(See also Pork).

The side, and belly of a pig are called Bacon, when salted and cured in a way similar to that which converts the leg of pork into ham. If the whole side of a pig has been salted, and smoke-dried, it is known as a flitch of bacon. In many districts saltpetre and sugar are used, in addition to salt, for curing the meat to be smoke-dried.

About Germany the bacon is so splendidly cured that it may be eaten without any further cooking. But the pig is more liable to diseased flesh than the ox, or sheep, because of its greediness for unwholesome food, though this risk may be guarded against by care in feeding the animal. A harmful parasite, the Trichina spiralis, is frequently noticed in Germany as infesting the human body, through eating smoked ham, and sausages, in an uncooked state. The black pig is considered by breeders the best of its kind for food. Dr. Hutchison tells that the comparative indigestibility of pork is shown by the fact that three and a half ounces of it require three hours for their complete digestion, as compared with two hours for an equal quantity of beef. This difficulty is fully accounted for by the large accumulation of fat between the fibres of the pork-flesh. On the other hand, the fat of bacon seems to be in a granular form, which is not difficult of digestion; so that this can often be eaten by persons to whom other kinds of fat are intolerable.

For which reason bacon is an invaluable aid for nourishing delicate children, and diabetic, or consumptive patients, in whose diet the free use of fat is indicated.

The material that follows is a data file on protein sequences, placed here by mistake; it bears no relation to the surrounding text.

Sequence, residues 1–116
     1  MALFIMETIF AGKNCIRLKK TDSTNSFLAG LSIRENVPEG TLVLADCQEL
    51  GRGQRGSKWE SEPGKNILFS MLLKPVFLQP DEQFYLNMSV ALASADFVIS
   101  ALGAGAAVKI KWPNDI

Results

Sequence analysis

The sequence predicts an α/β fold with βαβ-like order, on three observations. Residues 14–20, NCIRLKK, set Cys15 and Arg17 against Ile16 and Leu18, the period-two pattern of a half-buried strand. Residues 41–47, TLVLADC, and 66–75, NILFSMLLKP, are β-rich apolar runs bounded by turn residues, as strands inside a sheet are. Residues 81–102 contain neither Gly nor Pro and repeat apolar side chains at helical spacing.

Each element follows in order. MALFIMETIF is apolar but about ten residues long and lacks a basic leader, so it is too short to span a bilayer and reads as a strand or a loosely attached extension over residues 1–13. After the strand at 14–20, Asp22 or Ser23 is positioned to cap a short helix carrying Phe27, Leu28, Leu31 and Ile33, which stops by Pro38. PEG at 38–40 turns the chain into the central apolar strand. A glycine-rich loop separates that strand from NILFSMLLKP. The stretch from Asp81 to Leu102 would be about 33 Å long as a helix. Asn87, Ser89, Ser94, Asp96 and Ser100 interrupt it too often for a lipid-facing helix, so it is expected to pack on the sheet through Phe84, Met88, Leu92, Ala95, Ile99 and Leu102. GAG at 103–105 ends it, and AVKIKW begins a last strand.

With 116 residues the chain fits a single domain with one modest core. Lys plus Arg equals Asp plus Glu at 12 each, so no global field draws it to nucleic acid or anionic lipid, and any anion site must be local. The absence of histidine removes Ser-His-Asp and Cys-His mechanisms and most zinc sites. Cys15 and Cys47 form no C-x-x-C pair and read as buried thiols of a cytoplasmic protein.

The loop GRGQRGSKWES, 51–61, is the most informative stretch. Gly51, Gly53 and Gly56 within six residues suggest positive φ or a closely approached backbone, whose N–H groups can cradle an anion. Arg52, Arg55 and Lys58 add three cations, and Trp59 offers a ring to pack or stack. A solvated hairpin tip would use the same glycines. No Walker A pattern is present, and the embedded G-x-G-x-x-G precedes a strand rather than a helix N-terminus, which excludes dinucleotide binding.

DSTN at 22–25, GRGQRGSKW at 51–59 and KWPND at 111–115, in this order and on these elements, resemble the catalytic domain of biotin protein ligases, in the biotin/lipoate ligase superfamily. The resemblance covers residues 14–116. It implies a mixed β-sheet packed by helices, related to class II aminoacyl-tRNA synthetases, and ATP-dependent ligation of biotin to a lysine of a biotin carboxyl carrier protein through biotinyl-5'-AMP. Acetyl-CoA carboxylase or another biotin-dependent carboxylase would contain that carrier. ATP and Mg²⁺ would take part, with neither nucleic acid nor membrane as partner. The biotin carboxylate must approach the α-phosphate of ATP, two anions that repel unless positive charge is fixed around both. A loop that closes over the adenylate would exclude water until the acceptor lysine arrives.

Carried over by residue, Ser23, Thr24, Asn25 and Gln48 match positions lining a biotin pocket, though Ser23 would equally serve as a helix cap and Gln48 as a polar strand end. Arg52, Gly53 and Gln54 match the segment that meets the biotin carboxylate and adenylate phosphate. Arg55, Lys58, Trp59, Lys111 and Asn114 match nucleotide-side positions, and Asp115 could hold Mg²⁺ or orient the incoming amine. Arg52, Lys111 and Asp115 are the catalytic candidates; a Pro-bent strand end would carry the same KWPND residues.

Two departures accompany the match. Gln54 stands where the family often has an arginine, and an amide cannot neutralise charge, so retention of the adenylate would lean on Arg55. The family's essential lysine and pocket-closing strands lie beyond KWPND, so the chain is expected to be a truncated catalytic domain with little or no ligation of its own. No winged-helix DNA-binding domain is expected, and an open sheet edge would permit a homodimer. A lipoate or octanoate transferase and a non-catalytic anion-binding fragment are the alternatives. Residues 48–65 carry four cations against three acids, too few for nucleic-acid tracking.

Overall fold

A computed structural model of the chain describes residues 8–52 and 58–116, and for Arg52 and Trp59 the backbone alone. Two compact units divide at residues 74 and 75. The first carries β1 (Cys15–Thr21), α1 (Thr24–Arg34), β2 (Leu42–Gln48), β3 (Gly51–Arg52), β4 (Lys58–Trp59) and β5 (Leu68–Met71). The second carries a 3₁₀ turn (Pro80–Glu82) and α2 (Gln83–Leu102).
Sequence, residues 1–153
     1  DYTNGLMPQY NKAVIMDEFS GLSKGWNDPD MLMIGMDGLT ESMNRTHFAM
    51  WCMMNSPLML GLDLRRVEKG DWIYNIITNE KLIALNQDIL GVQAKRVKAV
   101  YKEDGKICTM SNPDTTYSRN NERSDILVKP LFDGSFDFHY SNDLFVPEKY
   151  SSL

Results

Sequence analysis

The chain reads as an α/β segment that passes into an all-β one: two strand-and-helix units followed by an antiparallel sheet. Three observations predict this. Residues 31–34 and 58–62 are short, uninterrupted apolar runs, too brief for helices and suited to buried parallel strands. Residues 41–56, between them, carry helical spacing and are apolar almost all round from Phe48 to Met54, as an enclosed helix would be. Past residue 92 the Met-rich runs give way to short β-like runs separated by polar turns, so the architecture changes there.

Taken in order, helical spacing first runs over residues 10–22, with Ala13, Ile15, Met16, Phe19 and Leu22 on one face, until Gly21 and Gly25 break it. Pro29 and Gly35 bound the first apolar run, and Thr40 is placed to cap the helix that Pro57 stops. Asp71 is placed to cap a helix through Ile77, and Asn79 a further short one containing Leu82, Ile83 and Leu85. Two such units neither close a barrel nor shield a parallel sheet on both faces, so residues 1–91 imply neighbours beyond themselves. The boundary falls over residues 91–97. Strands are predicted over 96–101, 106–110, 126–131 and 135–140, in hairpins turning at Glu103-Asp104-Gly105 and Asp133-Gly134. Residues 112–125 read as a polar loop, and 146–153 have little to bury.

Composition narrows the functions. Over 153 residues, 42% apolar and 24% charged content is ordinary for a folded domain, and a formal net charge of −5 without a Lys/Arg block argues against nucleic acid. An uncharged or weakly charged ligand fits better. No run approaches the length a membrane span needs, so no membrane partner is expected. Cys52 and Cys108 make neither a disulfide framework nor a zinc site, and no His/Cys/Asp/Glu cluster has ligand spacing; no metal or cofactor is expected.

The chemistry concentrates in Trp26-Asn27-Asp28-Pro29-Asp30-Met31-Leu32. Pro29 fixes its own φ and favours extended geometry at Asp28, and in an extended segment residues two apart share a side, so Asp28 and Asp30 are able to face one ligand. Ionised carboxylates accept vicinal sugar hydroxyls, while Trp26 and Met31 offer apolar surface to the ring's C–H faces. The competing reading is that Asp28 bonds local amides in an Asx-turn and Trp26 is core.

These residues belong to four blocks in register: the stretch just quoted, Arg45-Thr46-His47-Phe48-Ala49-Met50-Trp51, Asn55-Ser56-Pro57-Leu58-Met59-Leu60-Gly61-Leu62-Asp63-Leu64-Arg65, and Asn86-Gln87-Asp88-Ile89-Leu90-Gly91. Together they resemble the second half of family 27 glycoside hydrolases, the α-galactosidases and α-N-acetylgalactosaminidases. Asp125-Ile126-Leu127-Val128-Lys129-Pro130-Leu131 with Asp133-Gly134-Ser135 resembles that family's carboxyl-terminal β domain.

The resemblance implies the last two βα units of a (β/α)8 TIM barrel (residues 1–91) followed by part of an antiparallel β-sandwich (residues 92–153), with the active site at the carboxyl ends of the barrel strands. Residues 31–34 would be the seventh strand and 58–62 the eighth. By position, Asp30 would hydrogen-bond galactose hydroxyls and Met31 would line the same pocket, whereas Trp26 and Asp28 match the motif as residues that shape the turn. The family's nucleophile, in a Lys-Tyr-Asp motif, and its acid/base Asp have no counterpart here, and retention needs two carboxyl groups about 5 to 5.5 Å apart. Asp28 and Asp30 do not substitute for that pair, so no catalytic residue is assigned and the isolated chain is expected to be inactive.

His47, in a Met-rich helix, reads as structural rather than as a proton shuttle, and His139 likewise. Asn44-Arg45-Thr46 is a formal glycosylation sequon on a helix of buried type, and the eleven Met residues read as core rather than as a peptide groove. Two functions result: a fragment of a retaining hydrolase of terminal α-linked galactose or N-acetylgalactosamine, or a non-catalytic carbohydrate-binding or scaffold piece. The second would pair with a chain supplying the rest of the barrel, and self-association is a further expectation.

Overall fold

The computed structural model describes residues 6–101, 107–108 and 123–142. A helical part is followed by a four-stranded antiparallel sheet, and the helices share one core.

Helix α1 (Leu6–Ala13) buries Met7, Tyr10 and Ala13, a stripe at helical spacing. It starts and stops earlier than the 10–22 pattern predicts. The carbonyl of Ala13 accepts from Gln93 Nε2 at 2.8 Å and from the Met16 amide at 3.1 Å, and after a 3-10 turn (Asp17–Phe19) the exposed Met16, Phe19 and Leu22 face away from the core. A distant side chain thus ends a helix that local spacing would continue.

From the very earliest times the wild pig seems to have occupied a foremost place as an article of diet, seeing that the bones of the wild boar are found in almost all kitchen middens of prehistoric times; and the animal plays an important role in ancient Scandinavian legends. Even the Hebrews - for whom the pig was condemned as an unclean beast by the Mosaic law - must have afterwards set this law at naught in our Saviour's time, judging by the herds of swine which fed on the hills near the Sea of Tiberias; since, unless pork was eaten then, it is difficult to conceive for what purpose these droves of swine were kept. Towards correcting in some measure the grossness of his foods, the pig, by instinct, grubs up antiscorbutic roots, and knows that a piece of chalk, or a mouthful of cinder, is a most sovereign remedy against his indigestion. The insalubrity of pork is generally owing to the uncleanly, and unwholesome feeding of the animal; and the quality of its food has a marked influence on the flavour of its flesh.

Thus, pigs fed mainly on potatoes have a very white and tasteless meat, whilst the flesh of those porcine animals whose food has consisted largely of beech-nuts, has an oily taste.